Not Your Monster

Metamorphosed, Bug Princess 2019 © Oriana Gatta / Gicleé Print / 20″ x 16” (unframed)

As the first piece I created for this series, Metamorphosed the Bug Princess represents my increasingly obvious desire to blend monstrosity and cuteness in ways that highlight and nullify categorical distinctions ( e.g. “bug/insect” and “princess/girl”) that function as enormous resistance to power sharing with anyone who is not a rich, white, cisgender, heterosexual, able-bodied, English-speaking, and/or male.

 
Kassogtha 2019 © Oriana Gatta / Gicleé Print / 20″ x 16” (unframed)

Kassogtha, introduced by Joseph Pulver into the Cthulhu Mythos, is Cthulhu’s sister, lover, and birth mother to their twin daughters, Nctosa and Nctolhu. Described as a “writhing mass of tentacles,” and identified as “the leviathan of diseases,” Kassogtha is apparently a fiesty female freak with an endless desire for destruction/consumption/fornication. My visual rendering strongly references Lovecraft’s Cthulhu to encourage comparison between the two and to highlight patriarchal misogyny’s power via conventions of narrative continuity apparent in the Cthulhu Mythos’ expansion.

 
Khelone 2020 © Oriana Gatta / Gicleé Print / 20″ x 16” (unframed)

Punishing women for a disinterest in marriage, for the audacity to practice self care, and most sacrilegious of all, for insolent disobedience of an implied order of a man’s/god’s “invitation” isn’t new material.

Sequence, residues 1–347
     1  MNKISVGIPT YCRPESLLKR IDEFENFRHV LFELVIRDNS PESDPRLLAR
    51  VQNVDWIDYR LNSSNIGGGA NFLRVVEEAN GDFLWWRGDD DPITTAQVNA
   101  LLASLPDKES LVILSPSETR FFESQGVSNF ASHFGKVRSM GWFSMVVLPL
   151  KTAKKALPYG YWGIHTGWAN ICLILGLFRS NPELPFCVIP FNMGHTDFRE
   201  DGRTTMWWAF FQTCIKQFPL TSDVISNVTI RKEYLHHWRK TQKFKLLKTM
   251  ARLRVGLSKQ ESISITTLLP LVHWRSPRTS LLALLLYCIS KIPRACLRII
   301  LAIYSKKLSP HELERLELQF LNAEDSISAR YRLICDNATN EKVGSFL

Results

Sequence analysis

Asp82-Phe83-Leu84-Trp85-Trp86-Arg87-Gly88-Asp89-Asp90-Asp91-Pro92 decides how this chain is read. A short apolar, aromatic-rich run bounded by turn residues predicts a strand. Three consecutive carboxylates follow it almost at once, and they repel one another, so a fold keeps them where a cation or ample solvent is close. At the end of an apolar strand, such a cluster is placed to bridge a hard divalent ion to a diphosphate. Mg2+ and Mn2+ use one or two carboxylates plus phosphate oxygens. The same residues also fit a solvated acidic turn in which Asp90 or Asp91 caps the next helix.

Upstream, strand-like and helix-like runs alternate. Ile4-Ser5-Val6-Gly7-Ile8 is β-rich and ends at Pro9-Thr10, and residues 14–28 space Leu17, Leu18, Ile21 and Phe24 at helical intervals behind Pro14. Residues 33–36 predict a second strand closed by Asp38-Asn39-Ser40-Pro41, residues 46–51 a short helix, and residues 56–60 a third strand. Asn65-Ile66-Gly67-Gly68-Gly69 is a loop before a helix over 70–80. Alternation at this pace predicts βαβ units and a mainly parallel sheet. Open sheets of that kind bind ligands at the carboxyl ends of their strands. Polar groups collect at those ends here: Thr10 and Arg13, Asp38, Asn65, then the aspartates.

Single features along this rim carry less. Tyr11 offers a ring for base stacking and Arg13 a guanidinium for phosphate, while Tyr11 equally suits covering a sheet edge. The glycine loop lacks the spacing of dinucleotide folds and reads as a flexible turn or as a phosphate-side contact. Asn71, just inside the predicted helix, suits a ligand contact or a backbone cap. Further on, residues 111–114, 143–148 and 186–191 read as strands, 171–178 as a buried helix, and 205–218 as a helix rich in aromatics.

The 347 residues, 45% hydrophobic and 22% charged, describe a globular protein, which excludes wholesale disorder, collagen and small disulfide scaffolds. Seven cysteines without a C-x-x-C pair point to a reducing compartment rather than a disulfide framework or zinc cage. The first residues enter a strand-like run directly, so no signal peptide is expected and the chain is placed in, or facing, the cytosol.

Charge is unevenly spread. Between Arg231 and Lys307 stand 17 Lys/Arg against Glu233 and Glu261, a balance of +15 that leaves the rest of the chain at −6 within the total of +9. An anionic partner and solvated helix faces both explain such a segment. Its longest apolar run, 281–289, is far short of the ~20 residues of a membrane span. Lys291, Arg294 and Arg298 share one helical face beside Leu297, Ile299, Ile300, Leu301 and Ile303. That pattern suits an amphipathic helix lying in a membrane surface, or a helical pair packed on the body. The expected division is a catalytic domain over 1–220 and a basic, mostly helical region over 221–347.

I have to confess, though, to mixed feelings about classical Greek god Hermes turning nymph Khelone into a tortoise as punishment for not attending Zeus and Hera’s nuptials. Yes, her new shell meant that she could literally never leave her home again. However, predators and environmental destruction via pollution notwithstanding, a tortoise’s life appeals to me. Swimming, sun bathing, slow & steady movement, and, yes, immediately accessible shelter from danger sound pretty damn good.

 
Phaea 2019 © Oriana Gatta / Gicleé Print / 20″ x 16” (unframed)

In Greek mythology, Phaea is the name of the Crommyonian Sow — a wild, man-eating female pig — Theseus slays as either 1) part of his required labors or 2) as an independent attempt to prove his manhood/bravery above and beyond his required labors. She is also identified as the mother of the Calydonian Boar Artemis sent to punish a king who neglected to worship her.

 
Basilisk 2020 © Oriana Gatta / Gicleé Print / 16″ x 20” (unframed)

Half bird, half snake, full-on look of death. What’s evil — the combination or the lack of categorical distinction? Are we monitoring our transgressions, or is our fear of transgression monitoring us? Is that a basilisk in the panopticon, or are you just happy to scare me?